Step 7Allow the awning to air-dry completely (be patient; never apply heat to dry the fabric) before storing.If desired, once the awning is dry, you can treat the fabric with a protectant such as 303® Aerospace (for vinyl awnings, to repel dirt and provide UV protection) or 303® Fabric Guard (for acrylic awnings, to restore water repellency).
RV Awning

How Often Should You Clean Your RV Awning?

At minimum you should clean your RV awning once a year prior to storing your motorhome for the winter. (Read more about preparing your motorhome for winter storage here.) It's also time to clean your awning if it appears dirty, if you park beneath trees and sap drips onto the fabric, or, of course, if it's sporting mold or mildew. In general, it's a good idea to clean your awning every few months, or more often if you use your RV frequently.Essentially, if you're wondering whether or not it's time to clean your awning, it probably is.
RV Awning

Cleaning Vinyl vs. Acrylic Awning Fabric

RV awning fabric is typically either vinyl or acrylic. Each provides different benefits and requires a slightly different approach to maintenance.AcrylicAcrylic is a breathable woven fabric that presents unique challenges when it comes to cleaning. Because it is a woven fabric, dirt and tree sap can sink deeply into the weave. Acrylic awnings also come with a water-repelling finish. It's important not to scrub too hard when you clean the fabric, as you can actually scrub off the finish.How to clean: Use a stiff brush, dish soap, and water. Avoid scrubbing, which can remove the water-repelling finish and ruin your awning. If you use a protectant spray, make sure to use a product designed to restore water repellancy that will not damage the fabric or finish.VinylVinyl material is somewhat easier to clean. It doesn't share the porous surface of acrylic fabric, so you don't have to worry so much about tree sap and dirt settling in to stay.Vinyl awnings resist mildew, but they are not mildew-proof. You may have heard that vinyl awnings don't technically grow mildew; rather, they collect dirt and dust on which mildew forms. But for an RVer, the presence of mildew is a problem regardless of whether it formed on the vinyl itself or the dirt covering the vinyl.How to clean: Use a soft brush, dish soap, and water. Avoid scrubbing, which can remove the mildew-resistant coating. If you use a protectant spray, make sure to use a product designed to provide UV and dust/dirt protection that is safe to use on vinyl.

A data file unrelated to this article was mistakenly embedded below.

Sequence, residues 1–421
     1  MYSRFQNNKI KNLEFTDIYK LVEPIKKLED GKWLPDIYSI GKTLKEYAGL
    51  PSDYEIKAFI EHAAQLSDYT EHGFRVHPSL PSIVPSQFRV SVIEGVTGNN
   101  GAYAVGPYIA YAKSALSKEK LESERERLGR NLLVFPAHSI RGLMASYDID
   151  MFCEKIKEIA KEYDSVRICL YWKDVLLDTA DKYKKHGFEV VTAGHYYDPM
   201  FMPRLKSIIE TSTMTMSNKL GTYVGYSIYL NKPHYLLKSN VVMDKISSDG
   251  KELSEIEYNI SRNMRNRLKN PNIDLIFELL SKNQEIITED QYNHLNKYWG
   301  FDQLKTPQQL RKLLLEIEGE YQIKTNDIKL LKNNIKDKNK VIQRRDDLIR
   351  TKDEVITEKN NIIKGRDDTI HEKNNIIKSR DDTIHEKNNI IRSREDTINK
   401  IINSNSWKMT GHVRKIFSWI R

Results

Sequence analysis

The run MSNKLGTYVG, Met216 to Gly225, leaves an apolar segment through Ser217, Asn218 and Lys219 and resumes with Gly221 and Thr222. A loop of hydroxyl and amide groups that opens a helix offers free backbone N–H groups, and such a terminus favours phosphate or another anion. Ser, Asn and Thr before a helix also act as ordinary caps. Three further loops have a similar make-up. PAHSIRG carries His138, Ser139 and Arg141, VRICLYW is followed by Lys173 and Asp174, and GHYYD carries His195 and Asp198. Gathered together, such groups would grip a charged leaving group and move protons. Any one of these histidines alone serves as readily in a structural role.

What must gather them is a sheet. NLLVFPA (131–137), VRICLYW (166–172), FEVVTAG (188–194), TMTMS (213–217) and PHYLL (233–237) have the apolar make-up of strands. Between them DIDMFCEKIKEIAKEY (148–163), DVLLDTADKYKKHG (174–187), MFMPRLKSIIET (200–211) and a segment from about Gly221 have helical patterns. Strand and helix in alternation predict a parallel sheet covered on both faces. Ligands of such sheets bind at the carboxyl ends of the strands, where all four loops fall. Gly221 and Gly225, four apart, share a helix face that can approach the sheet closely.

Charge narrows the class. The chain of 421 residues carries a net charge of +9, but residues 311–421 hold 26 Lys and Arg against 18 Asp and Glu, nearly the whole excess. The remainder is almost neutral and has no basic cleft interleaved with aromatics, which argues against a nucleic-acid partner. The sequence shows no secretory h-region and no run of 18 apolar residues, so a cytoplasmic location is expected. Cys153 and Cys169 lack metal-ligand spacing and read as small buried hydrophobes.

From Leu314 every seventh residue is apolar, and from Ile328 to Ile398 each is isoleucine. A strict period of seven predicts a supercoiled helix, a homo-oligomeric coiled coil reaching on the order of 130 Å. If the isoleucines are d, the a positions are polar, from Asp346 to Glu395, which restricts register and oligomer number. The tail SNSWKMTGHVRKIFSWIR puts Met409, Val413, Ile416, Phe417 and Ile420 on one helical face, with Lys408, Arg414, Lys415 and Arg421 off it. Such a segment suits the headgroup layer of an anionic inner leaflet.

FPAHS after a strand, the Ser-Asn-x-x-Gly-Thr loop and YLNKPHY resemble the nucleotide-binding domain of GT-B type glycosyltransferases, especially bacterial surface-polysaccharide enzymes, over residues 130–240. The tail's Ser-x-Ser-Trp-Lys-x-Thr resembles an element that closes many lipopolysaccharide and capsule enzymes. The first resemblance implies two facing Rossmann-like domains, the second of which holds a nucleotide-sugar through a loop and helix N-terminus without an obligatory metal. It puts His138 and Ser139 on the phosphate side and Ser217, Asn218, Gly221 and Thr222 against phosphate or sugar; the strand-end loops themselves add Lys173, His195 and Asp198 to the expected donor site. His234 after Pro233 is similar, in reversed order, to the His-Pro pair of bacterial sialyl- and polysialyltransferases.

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Related ProductsWritten by: Amber S.Updated on: 12/14/18

Steve J.


I use dawn and water mix and I use bleach for the bad spots. Never had a problem.

Etrailer Expert

Mike L.


Sounds like a good plan, as long as the awning manufacturer says using bleach is okay, the bleach is properly diluted and the awning is thoroughly rinsed afterward.

Al S.


Have a lippert vinyl awning, can you use an automotive vinyl top sealer on your awning? Everyone makes a cleaner, have not yet seen a vinyl sealer for rv awnings.

Etrailer Expert

Jon G.


I honestly haven't looked into this before and so I reached out to my contact at Lippert who did a little digging and then replied that they don't recommend modifying an awning, but that's really because she couldn't find anything on the matter. It makes sense to me and from the limited amount of research I did it looks to be a viable option. I would do a little more research on your end and or wait and see if someone replies to this who has done it before. When/if you go to do it I do recommend testing it out first on a small part of your awning that won't be too visible so you know how it will interact with the awning just to be safe.

Jack V.


I have some stains that will not come out is there anything else I can do other than replace like paint it stains are on the white underneath side



Didn’t work for me. Found that a mr clean eraser, or a nice eraser worked fantastic. Got a little wet and took about 45 minutes but what a difference. That is my recommendation.

Etrailer Expert

Chris R.


Awesome. Thanks for your advice!